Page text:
Time is money, as the saying goes, and few cautionary tales better exemplify the old adage than Palm, which stands to pay dearly for taking its sweet time fine-tuning webOS, the long-awaited mobile operating system the company finally unveiled during last week's Consumer Electronics Show. Palm first announced it was working on the Linux-based operating system all the way back in April 2007, initially promising to release the platform (often referred to as the Palm OS II, or "Nova") by the end of that year. The first in a series of delays struck a few months later, when Palm said the platform would not appear until sometime in 2008. As recently as late May of '08, the firm still insisted that webOS remained on track for release by year's end--during an appearance at the JP Morgan Tech Show in Boston, Palm CFO Andrew Brown admitted the project had been in the works for close to three years, adding "it has not been an insignificant investment." But in September, Palm finally acknowledged what everyone else already suspected: The operating system would remain under wraps until 2009.
The toll for such a protracted developmental cycle appears massive: In the years since webOS first began taking shape, rival operating systems like Symbian, BlackBerry and Apple's Mac OS X have beaten the existing Palm OS like a rented mule. Late last year, market research firm Gartner reported that the Palm OS now ranks sixth in terms of worldwide smartphone OS market share, claiming just 2.1 percent of the overall market--by comparison, the iPhone, which wasn't even released when Palm first announced webOS's pending arrival, now owns 12.9 percent market share. No wonder that in December, Palm announced that revenues during its second fiscal quarter would fall between $190 million and $195 million, a massive dropoff from the previous fiscal quarter, when the firm reported a loss of $41.9 million on revenue of $366.9 million.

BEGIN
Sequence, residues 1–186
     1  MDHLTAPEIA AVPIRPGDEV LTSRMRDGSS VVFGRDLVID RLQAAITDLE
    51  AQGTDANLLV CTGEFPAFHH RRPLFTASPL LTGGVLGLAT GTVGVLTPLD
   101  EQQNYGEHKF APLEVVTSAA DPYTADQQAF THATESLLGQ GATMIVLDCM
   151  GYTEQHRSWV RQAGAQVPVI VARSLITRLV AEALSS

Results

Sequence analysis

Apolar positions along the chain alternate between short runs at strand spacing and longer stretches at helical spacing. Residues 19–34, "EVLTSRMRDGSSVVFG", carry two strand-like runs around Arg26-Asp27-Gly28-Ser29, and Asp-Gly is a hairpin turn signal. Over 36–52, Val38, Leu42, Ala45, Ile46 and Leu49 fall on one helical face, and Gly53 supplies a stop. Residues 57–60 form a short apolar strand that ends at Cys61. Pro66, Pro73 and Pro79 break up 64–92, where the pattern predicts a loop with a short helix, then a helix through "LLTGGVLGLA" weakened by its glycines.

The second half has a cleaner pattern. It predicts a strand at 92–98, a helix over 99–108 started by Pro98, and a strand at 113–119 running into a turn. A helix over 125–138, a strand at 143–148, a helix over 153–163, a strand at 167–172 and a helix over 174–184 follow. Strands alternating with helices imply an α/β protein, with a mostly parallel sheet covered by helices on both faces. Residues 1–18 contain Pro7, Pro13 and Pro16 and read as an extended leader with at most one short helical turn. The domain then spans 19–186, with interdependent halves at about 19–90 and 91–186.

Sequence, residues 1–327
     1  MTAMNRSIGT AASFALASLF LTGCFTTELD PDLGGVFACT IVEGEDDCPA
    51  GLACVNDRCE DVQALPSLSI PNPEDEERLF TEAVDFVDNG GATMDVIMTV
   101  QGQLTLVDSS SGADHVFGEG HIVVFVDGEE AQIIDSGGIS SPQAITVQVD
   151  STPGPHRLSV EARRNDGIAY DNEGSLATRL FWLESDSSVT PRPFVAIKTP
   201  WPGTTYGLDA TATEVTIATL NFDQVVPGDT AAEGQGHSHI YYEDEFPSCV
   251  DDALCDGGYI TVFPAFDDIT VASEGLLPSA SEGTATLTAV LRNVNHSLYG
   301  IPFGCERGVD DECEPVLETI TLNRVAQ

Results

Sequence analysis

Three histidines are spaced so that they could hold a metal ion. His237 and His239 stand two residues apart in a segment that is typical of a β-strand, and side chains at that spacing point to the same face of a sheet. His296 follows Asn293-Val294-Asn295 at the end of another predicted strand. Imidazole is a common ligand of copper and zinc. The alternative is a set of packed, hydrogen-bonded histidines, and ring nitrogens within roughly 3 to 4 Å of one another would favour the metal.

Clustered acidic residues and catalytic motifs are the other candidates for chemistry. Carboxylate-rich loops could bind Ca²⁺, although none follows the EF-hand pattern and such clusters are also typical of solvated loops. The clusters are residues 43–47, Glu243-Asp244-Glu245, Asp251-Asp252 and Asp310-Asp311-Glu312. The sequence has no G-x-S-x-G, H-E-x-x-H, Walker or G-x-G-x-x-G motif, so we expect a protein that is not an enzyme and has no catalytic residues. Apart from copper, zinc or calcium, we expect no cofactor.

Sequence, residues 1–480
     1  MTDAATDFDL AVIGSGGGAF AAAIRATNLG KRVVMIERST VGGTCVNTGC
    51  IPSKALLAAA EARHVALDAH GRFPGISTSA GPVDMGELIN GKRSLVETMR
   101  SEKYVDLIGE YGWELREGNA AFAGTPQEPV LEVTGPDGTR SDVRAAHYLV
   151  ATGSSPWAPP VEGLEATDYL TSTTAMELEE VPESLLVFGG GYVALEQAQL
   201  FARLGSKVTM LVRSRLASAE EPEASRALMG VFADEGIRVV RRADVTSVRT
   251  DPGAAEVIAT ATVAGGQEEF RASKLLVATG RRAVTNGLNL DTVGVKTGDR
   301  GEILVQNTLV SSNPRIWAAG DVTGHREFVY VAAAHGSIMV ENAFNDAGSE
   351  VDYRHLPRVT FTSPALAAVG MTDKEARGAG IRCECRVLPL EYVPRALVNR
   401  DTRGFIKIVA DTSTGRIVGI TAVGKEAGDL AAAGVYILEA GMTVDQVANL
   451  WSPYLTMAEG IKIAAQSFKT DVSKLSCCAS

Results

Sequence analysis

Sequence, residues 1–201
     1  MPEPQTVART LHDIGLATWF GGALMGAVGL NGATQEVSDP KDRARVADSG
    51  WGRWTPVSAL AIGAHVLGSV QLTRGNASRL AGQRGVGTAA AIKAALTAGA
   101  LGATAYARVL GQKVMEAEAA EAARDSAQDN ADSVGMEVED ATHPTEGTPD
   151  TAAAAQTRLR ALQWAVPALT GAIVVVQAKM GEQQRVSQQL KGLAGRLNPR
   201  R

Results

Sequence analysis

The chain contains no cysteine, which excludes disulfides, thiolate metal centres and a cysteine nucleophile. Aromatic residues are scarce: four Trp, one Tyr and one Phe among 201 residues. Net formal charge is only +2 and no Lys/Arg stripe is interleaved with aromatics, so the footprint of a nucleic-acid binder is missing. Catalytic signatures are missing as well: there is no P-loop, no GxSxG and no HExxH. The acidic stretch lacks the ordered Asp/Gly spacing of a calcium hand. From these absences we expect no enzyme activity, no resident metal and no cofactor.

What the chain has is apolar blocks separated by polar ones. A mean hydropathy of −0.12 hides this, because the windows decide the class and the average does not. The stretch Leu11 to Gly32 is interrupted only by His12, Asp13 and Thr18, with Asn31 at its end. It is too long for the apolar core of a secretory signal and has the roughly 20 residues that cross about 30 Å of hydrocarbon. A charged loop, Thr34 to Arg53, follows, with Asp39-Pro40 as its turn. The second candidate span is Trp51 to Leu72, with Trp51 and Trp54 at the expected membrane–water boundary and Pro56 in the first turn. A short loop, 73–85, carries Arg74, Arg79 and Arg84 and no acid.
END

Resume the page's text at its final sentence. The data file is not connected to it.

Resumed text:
Initial buzz on webOS is certainly favorable--with a few exceptions, most early reviews agree the operating system lives up to expectations. Developed expressly for mobile use, webOS promises users a constant connection to the web; its signature feature is Palm Synergy, which Palm says automatically brings together user information like linked contacts, layered calendars and combined messaging into one single, integrated view. webOS also offers toggling between multiple open applications, customized alerts and a multi-touch UI that Palm says "lets you move easily between activities like flipping through a deck of cards and rearrange items simply by dragging them." No less important, webOS was designed to enable Palm's ecosystem of partners (including developers, hardware vendors and accessories manufacturers) the flexibility to create core solutions to complement the platform and product line. In particular, Palm promises the developer community a rich open environment enabling more efficient application creation--webOS also will allow coders to distribute their apps over-the-air via an on-device Palm application store.